Last week, WSN reported that a presence of rat droppings, filthy flies and hot food held at less than 140 degrees Fahrenheit was discovered at Lipton Dining Hall during a recent health inspection. Although this is undoubtedly not the most serious issue facing campus, it is nevertheless important. With the exception of tuition rates, arguably nothing affects students more — especially underclassmen — than the quality of food served at NYU. Because of this, NYU must take action to fix such a troubling and disgusting situation.
Lipton has earned a more favorable reputation among NYU dining halls in the past. It is close to Elmer Holmes Bobst Library, looks objectively cleaner than nearby dining halls and brands itself as the healthy dining hall. The fact that Lipton received 39 points — a perfect score is zero — during the inspection is eyebrow-raising for many students. If rat droppings and flies are present in the cleanest dining hall here on campus, what might be in the other dining halls with less favorable reputations, such as Third North Courtyard Cafe and Downstein? In fact, many dining halls have struggled to receive favorable ratings in the past, despite how costly NYU dining plans are.
Furthermore, all NYU’s meal plans exceed $1,400 per semester. While the university is located in Manhattan, one of the most expensive locations in the country, NYU’s meal plan is even more costly than those of other New York-based universities. At Columbia University, an upperclassmen meal plan with 175 meals and 200 dining dollars totals $2,163 per term, while NYU’s 175 Flex plan with 300 dining dollars is $2,325 per semester. Barnard’s upperclassmen Platinum Plan with 19 meals per week and 120 meal plan points — a similar system to dining dollars — is only $2,290 per semester, while NYU’s 300 Flex plan with 150 dining dollars is $2,715. With tuition averaging $47,000 per student and meal plans that are equally pricey, it is unacceptable that sanitary guidelines are not being followed thoroughly.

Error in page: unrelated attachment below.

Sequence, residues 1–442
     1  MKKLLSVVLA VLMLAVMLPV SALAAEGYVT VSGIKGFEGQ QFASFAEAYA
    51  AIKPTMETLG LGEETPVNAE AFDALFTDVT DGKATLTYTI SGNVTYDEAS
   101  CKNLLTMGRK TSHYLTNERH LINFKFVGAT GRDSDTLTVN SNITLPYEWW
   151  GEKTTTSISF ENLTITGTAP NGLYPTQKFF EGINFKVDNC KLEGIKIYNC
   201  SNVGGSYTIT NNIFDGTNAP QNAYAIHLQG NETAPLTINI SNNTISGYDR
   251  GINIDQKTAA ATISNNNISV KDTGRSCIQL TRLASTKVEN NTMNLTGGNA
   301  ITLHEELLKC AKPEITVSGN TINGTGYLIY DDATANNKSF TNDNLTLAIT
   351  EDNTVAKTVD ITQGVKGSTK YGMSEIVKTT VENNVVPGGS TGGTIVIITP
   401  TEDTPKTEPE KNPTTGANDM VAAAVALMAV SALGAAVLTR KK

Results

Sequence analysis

With finals season coming up, students deserve a reliable and clean dining hall that can satisfy and fuel them. Lipton, along with Downstein and Kimmel, is the closest traditional dining hall to Bobst. Students can grab food and head to their study spots without much hassle. Lipton’s poor rating will discourage students from eating there, further limiting the options available for students on campus. While Lipton’s reputation will suffer from these findings, NYU should focus on thoroughly investigating this issue and promptly resolving it. NYU is too expensive to be this dirty.
A version of this appeared in the Monday, Dec. 4 print edition. Email the WSN Editorial Board at [email protected]